Boris Johnson has said he is determined to “get on” with his job, in his first Commons appearance since surviving a confidence vote in his leadership.
Amid testy exchanges at Prime Minister’s Questions, Labour MP Dame Angela Eagle told Mr Johnson he was loathed and should resign. But the prime minister said his political career had “barely begun”.
Four in 10 Tory MPs declared a lack of confidence in Mr Johnson’s leadership in Monday’s vote.
The worse-than-expected result followed several months of difficulties for the prime minister, who has received ongoing criticism over parties that took place in Downing Street during lockdown.
Following the vote, the prime minister promised to “draw a line” under his recent difficulties and announce a widespread programme of reforms to help deal with crime, the NHS and the rapidly rising cost of living.
His ministers have stood by him, but in the first departure from government since the vote, Baroness Helena Morrissey left her job at the Foreign Office on Wednesday.
In an interview with LBC radio, Baroness Morrissey said some Tory MPs considered the prime minister “a liability” and she had not seen “any contrition” from him after the confidence vote.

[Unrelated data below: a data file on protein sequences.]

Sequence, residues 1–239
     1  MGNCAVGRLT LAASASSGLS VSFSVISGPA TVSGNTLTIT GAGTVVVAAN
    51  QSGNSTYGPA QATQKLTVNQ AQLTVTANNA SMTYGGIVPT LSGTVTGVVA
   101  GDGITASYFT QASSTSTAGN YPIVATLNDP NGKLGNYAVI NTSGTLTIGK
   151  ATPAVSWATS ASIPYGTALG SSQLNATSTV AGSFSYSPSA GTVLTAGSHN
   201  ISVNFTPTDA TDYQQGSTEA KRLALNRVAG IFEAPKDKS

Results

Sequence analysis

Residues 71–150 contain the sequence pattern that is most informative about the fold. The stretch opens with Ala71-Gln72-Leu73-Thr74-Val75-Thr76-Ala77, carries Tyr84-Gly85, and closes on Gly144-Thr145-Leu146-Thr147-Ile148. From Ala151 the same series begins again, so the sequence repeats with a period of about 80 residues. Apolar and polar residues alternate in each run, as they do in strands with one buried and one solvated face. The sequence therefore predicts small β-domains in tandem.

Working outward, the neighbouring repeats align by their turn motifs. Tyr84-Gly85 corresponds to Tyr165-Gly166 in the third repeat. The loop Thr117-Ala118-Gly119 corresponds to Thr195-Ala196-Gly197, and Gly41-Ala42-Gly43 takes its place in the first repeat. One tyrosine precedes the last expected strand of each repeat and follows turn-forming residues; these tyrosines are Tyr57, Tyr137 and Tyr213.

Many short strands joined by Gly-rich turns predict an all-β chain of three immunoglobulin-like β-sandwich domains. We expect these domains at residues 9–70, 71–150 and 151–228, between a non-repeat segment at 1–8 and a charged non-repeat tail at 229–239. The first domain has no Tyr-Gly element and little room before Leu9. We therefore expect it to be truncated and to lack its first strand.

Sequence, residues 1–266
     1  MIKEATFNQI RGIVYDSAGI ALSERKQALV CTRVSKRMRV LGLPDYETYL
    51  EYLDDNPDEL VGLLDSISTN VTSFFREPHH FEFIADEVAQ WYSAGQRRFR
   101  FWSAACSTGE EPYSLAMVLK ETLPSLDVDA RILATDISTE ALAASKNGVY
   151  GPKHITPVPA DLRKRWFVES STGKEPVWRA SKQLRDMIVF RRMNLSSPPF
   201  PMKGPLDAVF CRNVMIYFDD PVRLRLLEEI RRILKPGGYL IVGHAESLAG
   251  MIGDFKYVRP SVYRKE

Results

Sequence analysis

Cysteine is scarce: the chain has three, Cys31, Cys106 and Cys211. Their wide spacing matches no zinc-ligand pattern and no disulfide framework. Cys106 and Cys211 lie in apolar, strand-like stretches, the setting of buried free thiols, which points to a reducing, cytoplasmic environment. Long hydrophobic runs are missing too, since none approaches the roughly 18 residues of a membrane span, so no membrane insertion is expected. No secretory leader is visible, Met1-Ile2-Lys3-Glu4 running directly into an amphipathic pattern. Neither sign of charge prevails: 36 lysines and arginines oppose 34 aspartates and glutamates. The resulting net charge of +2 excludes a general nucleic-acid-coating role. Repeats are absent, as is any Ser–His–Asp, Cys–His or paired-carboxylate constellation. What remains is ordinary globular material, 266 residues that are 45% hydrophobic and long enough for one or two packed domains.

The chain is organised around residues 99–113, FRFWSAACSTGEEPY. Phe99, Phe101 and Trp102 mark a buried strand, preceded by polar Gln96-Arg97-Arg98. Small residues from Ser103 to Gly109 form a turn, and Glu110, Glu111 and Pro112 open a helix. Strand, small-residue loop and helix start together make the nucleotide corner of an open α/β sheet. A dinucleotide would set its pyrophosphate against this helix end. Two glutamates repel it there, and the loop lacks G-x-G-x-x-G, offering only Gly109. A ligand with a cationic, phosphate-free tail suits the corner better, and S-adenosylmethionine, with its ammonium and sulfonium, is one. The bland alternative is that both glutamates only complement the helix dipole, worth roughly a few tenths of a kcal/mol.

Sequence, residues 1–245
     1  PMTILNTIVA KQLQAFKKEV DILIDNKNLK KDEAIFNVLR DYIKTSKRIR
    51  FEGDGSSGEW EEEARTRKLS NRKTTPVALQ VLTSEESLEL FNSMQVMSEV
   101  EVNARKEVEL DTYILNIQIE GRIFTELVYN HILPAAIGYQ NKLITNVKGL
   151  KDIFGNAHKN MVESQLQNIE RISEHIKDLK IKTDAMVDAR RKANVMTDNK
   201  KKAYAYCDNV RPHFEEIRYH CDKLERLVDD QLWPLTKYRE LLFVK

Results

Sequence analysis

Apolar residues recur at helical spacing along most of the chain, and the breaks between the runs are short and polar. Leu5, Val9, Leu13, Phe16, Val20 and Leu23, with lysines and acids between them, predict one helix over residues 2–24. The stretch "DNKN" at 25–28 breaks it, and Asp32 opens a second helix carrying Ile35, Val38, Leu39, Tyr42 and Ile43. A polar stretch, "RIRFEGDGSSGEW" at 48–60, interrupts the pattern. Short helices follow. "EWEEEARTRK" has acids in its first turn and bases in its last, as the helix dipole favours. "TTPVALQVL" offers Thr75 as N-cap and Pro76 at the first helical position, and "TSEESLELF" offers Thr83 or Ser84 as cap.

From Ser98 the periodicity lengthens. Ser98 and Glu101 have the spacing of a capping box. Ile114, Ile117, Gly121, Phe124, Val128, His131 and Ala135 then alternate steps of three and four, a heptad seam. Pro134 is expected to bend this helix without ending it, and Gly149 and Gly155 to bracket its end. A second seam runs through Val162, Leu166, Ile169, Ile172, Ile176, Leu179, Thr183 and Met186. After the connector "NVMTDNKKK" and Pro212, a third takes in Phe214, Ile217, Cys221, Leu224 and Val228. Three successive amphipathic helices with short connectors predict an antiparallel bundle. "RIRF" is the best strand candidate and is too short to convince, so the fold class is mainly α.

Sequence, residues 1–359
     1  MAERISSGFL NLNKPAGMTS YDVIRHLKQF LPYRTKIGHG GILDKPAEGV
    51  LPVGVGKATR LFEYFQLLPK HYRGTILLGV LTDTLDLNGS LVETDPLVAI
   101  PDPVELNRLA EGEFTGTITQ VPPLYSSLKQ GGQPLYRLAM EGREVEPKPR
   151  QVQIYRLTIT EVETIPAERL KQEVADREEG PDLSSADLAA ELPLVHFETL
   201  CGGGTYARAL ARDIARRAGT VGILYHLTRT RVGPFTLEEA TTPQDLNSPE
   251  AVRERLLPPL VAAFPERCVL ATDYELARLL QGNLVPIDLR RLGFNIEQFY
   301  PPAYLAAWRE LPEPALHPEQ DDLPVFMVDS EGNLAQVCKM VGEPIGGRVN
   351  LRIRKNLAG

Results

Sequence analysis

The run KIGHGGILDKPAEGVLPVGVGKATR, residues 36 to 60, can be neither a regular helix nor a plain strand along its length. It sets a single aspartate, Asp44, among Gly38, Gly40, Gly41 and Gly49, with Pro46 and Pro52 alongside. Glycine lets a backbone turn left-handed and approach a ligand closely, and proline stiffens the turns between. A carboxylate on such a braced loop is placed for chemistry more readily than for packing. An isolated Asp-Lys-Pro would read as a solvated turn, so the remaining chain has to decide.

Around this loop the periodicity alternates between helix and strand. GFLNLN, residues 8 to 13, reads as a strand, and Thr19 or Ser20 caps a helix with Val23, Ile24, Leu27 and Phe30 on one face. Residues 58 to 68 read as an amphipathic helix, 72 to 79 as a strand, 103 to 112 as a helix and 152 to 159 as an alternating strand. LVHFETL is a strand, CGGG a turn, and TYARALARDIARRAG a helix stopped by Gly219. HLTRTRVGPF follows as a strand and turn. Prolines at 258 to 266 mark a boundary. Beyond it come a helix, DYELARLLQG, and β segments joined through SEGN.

The BBC understands Foreign Secretary Liz Truss found Baroness Morrissey’s comments “outrageous” and the peer “jumped before she was pushed”.
Meanwhile, at a noisy Prime Minister’s Questions, Mr Johnson reiterated his commitment to remain in power.
Asking the first question, Dame Angela said: “This week’s events have demonstrated just how loathed this prime minister is, and that’s only in his own party.
“As his administration is too distracted by its internal divisions to deal with the challenges we face, can the prime minister explain if 148 of his own backbenchers don’t trust him why on earth should the country?”
Mr Johnson replied: “I can assure her in a long political career so far – barely begun – I’ve of course picked up political opponents all over and that is because this government has done some very big and very remarkable things which they didn’t necessarily approve of.
“And what I want her to know is that absolutely nothing and no-one, least of all her, is going to stop us with getting on delivering for the British people.”